Without so much as a warning, it creeps in, and then it stays for a long, long time. Sometimes, for days or worse, weeks.
Are you wondering what I am talking about? Well, I am talking about the melancholic feeling that creeps in from time to time because of not getting the chance to engage with people regularly. I mean, yes, we have all gotten used to of the virtual connects. Most of us have gone beyond work calls and to exploring virtual lunches and happy hours, yet the need to be take a pause and say a “hi” to work colleagues or the warm hugs do not happen as they used to. While not much can be done today about the physical proximity, we still have at our hands the onus of disengagement the employees are feeling.
One might argue that they are doing everything in their power to keep the employees engaged – from Monday Motivation to Friday Fun activities. But is that enough? Well, there are no quick fixes when it comes to employee engagement and the bitter truth is that simple, irregular team engagement or team building activities won’t help change your culture. Rather, activities that help your team feel a sense of belonging should be a religious practice, not a quarterly or an annual event. In my experience here are some of the things that might help –
With the reduction in the amount of time we spend on connecting one-on-one, the feeling of being lost, undervalued, and demotivated has increased. Some companies have proactively created suitable conditions for remote work in terms of equipment – laptops, home office set-up. All this is great. But what an employee will value in the long run is regular connects, clear WFH expectations and a personal developmental plan.
As managers, leaders and L&D experts, you should have devised and communicated a solid work-from -home plan which includes what the team members are expected to do, are their any deadlines, quality, and above all, create a safe environment. Regular, agenda driven team connects and team engagement activities, even if the agenda is to have fun and bond will help create a conducive environment. It will allow the team members can let their guards down, which will foster trust and camaraderie.
A spontaneous pat on the back for a flawless presentation or a random thank you note left on the desk for help with a spreadsheet have become a thing of the past. While many will argue that their companies still hold annual recognition awards, these seemingly random acts of kindness seem to be on the brink of getting lost. Recognition, positive reinforcement, and feedback need to be a regular and religious affair, not something to be looked at annually.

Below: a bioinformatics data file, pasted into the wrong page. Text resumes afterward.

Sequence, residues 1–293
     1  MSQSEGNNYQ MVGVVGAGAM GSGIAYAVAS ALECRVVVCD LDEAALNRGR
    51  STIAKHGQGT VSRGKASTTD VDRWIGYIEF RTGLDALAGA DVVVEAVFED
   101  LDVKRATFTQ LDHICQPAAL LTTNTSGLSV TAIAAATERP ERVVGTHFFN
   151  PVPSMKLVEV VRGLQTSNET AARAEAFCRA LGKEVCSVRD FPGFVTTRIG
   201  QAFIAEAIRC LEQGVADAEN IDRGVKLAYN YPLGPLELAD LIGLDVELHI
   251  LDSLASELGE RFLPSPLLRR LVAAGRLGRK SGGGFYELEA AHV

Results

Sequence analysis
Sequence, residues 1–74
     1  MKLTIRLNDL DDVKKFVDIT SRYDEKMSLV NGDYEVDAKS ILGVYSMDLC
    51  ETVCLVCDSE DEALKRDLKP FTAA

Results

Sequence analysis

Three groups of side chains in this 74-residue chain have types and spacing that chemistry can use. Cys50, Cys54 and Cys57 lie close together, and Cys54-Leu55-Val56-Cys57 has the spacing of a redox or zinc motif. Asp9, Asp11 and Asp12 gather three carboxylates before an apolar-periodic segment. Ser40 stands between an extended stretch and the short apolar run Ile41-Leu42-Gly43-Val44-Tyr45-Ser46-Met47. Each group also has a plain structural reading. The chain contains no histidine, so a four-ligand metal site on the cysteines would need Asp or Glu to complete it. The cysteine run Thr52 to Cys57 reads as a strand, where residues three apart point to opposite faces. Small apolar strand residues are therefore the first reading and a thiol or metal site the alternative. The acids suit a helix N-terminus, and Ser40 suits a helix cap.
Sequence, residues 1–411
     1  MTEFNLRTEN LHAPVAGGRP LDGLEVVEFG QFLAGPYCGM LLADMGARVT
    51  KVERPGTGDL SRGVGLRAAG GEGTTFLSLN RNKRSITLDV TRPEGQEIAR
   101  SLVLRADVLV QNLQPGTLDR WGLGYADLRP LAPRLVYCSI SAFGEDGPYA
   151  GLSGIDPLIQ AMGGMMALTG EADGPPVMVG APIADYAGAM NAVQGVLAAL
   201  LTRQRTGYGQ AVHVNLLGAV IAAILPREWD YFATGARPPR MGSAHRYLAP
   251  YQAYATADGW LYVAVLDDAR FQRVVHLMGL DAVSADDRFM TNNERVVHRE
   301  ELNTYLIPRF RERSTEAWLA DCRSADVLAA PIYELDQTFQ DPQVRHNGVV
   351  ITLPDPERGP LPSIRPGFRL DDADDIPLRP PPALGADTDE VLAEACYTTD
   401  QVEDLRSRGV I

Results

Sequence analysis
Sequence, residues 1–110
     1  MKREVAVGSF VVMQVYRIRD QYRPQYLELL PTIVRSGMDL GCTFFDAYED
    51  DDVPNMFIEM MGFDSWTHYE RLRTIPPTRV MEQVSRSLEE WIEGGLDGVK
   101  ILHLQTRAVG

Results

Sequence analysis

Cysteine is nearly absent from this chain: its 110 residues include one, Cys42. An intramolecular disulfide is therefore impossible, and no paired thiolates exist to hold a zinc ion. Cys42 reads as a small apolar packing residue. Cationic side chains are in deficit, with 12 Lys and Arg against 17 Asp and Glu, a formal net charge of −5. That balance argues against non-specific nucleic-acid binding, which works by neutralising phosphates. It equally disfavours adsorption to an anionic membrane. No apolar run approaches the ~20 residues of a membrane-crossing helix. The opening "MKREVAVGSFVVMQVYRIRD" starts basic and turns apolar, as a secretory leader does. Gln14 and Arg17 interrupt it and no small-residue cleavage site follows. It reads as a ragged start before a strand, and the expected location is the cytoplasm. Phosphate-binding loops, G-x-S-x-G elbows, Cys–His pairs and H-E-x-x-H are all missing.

Just as in the face-to-face environment, you can build in systems where recognitions may happen – be it in weekly team connects, or through activities that encourage team members to appreciate one another.
While employers might dismiss this idea by stating that wellbeing is a personal choice, and it is, the need to emphasise that employees need to take initiative, has become significant. It is no mystery that employees who take better care of themselves are better performers, are more productive and are more resilient. Employers and leaders are not expected to suddenly become wellness experts, but to create an environment that promotes wellbeing – mental, physical, and social.
You would agree that this one in particular requires tremendous personal initiative, therefore running something that is both fun and challenging may come to your rescue. Simple things such as running a challenge on Whatsapp (or any other communication platform) that encourages people to set up their own personal fitness goals. Anything from losing 5 kgs to practicing yogasanas to giving up smoking would work wonders. You can also look at a more spaced out approach to incorporate sessions on guided meditation, or Mandala, or even giving an extra day off to rejuvenate each month.
Employees want to spend their maximum time doing great work. They want to be able to use their strengths to the best of their capability every single day. The employers should create an environment that is conducive to employee upskilling, learning and development. Letting employees do more work that focuses on their strengths and investing in their development are the two ways to go about ensuring that the employees stay motivated and productive.
Of course, when learning is spoken of, the first thing you think of, is a training program. It certainly helps. Be it functioning as a better team, or developing leadership, or learning a skill that is needed on the job, trainings do help. In order to make it a continuous process, what you may also look at is encouraging participants to take up learning that they can do at their own pace, something that focuses on the individual’s development solely.
The Pandemic has turned out to be the biggest opportunity to test the sustainability of organisational practices. From company cultures that thrive, the biggest global work-from-home experiment, to the ultimate test of resilience – it’s all about the bigger picture! Employees, managers, leaders, employers – everyone is in this together. While, the employees must voice out their concerns, the leaders must listen, truly listen to them.
Whether it is relooking at the virtual connects you do, or the performance evaluation tools you use, or the work-from-home procedures you follow, you need to ask yourself –
Is it conducive to creating a culture that you’d like?